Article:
Ancient India had several kingdoms that emerged during the Vedic Age in the 6th century BC. This period saw socio-economic development throughout the Indo-Gangetic plain along with religious and political developments. The evolution from Janapadas to Mahajanpadas led to these permanent settlements.
By the sixth century BC, the center of major political activity shifted from the western part of the Gangetic plain to the eastern part which is now the Modern day Bihar and eastern UP.
The main reason for this shift was that this area's fertile lands with better rainfall, rivers & proximity to iron production centers.
Mahajanpadas & Rise of Magadha Empire
The Buddhist literature Angutara Nikaya listed 16 great kingdoms or Mahajanapadas. The main reason for Janapadas ' formation was the use of Iron tools for agricultural and military purposes.
Here is a map showing the 16 Mahajanpadas that existed at that time:
- Magadha (Patna, Gaya and Nalanda districts) – The first capital was Rajagriha and the later capital was Pataliputra.
- Anga and Vanga (Munger and Bhagalpur) – The capital was Champa. It was a prosperous business center.
- Malla (Deoria, Basti, Gorakhpur region) – The capital was Kushinagar. It was the seat of many other smaller kingdoms. Their main religion was Buddhism.
- Vatsa (Allahabad and Mirzapur) – The capital was Kaushambi. The most important ruler of this kingdom was King Udayan.
- Kashi (Benaras) – The capital was Varanasi. Though many battles were fought against the Kosala kingdom, eventually Kashi was merged with the Kosala kingdom.
- Kosala (Ayodhya) – Though its capital was Shravasti which is identical with Sahet-Mahet but Ayodhya was an important town in Kosala. Kosala also included the tribal Republican territory of Sakyas of Kapilvastu.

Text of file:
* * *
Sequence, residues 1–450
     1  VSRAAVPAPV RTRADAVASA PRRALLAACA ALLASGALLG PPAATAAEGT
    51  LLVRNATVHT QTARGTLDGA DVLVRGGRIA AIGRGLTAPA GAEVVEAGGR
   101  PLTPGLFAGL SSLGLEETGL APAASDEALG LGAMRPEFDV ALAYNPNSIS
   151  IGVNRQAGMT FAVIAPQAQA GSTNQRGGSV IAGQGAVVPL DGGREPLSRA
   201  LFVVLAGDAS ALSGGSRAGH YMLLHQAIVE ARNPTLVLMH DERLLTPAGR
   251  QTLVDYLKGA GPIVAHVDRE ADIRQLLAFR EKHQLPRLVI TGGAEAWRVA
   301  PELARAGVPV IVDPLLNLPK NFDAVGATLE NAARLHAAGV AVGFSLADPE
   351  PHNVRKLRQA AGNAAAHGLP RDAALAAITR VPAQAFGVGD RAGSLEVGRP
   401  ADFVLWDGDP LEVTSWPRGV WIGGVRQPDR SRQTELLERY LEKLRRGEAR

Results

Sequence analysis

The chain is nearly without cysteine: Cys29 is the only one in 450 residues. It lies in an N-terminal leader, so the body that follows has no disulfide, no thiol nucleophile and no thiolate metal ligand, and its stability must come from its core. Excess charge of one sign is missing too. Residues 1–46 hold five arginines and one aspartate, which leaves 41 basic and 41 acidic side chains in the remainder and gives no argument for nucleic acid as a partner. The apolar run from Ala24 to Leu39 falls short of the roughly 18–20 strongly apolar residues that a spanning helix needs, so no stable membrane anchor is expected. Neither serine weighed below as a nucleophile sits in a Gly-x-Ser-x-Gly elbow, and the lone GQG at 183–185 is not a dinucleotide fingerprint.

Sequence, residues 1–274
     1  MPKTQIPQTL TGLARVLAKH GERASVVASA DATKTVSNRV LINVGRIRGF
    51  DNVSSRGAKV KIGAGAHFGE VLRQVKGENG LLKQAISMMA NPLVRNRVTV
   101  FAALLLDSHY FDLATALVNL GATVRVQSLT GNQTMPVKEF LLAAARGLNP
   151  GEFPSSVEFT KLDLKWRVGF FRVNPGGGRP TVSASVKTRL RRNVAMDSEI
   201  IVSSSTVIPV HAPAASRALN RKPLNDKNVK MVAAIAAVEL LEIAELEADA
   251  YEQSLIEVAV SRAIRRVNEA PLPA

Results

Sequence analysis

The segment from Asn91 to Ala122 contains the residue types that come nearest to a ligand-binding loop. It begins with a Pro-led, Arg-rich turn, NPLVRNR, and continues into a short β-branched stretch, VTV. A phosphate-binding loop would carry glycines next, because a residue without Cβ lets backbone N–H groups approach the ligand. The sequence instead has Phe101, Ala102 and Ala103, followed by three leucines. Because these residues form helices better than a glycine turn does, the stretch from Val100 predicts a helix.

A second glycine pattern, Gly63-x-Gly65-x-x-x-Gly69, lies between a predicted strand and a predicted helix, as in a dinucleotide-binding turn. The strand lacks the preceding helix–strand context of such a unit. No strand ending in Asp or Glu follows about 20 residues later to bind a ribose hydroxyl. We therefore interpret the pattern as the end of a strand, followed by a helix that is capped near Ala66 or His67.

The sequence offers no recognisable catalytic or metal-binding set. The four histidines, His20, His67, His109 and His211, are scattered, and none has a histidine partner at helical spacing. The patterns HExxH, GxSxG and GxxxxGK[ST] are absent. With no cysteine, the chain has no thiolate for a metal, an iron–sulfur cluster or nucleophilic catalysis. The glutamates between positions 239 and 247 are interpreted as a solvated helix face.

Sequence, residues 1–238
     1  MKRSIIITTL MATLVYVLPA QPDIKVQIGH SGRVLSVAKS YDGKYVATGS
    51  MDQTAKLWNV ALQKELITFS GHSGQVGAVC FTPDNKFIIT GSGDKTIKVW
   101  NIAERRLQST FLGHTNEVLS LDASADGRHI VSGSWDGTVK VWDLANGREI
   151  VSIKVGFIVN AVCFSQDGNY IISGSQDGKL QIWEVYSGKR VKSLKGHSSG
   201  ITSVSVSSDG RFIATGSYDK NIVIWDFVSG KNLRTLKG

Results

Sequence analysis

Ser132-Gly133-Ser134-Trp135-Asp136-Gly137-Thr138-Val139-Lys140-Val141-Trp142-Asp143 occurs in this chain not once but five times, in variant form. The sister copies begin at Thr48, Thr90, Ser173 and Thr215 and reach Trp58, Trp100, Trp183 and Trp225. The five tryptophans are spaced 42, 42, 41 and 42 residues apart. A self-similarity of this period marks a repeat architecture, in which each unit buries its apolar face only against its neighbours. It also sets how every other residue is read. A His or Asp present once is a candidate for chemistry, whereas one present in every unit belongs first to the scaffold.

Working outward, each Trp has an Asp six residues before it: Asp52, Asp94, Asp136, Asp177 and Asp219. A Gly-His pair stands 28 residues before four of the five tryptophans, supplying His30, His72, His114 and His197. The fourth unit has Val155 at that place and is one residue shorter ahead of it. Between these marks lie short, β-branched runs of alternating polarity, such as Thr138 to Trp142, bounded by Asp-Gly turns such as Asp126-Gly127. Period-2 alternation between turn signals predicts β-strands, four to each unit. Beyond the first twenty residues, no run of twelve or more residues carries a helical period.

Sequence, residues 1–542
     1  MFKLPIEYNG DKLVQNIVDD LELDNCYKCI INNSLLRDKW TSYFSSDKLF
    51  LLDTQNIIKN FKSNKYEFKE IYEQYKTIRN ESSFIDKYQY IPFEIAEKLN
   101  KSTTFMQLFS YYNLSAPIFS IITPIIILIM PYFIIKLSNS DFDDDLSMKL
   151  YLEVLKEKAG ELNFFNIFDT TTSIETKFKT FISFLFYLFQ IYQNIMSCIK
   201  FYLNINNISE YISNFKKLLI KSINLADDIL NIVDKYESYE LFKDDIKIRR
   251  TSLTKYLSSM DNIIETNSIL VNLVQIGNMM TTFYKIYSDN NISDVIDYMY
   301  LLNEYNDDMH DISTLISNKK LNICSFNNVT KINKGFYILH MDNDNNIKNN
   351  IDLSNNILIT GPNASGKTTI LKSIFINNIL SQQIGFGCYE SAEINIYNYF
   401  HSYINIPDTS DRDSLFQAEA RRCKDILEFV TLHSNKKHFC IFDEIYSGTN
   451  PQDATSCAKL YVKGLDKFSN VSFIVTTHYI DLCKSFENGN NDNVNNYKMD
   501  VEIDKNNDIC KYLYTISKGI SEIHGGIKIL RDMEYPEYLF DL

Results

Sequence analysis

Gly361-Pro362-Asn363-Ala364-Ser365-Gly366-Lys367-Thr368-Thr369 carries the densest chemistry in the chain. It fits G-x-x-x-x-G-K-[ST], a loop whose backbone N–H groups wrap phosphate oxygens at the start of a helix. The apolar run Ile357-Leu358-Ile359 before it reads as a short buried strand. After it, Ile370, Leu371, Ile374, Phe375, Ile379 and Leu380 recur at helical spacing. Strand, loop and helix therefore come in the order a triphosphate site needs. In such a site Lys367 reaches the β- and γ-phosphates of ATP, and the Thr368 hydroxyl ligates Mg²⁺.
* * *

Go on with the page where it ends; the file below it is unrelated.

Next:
- Vajji (Muzaffarpur and Vaishali) – Vajji was the seat of a united republic of eight smaller kingdoms of which Lichchavis, Janatriks, and Videhas were also members.
- Kuru (Thaneswar, Meerut and present-day Delhi) – The capital city was Indraprastha.
- Panchala (Western Uttar Pradesh) – Its capital was at Kampila. Earlier a monarch state, it later became an independent republic. Kannauj was an important town in this kingdom.
- Matsya kingdom (Alwar, Bharatpur and Jaipur) – Its capital was Viratanagar.
- Ashmaka (Between Narmada and Godavari) – Its capital was at Pertaii and Brahamdatta was its most important ruler.
- Gandhara (Peshawar and Rawalpindi) – Its capital Taxila was important as a trade and education center (Ancient Taxila university) during the later Vedic age.
- Kamboj (Hazara dist of Pakistan, North-east Kashmir) – Its capital was Rajapur. Hazara was an important trade and commerce center of this kingdom.
- Avanti (Malwa) – Avanti was divided into two parts north and south. The northern part had its capital at Ujjain and the southern part had its capital at Mahismati.
- Chedi (Bundelkhand) – Shaktimati was the capital of Chedi. Chedi kingdom was spread between Yamuna and Narmada rivers. One of the families from this kingdom later merged into the Kalinga kingdom from this royal family.
- Shurasena (Brajmandal) – Its capital was at Mathura and its most famous ruler was Avantiputra.
In course of time small or weak kingdoms either submitted to stronger rulers or got eliminated. Finally, only 4 major kingdoms survived:
Cause of Magadha’s Success
- Advantageous geographical position & rich iron ores of Rajgir
- Capitals: Rajgir (Surrounded by 5 hills) + Patliputra (Surrounded by Ganga, Gandhak, Son & Ghagra river → True Jaladurga)
- Magadha → 1st used elephants in the war against enemies
Dynasties that ruled Magadha Empire:
Before the Maurya Dynasty, following ruled Magadha:
- Haryanka Dynasty
- Shishunaga Dynasty
- Nanda Dynasty
We will be discussing these dynasties in the second part in detail.
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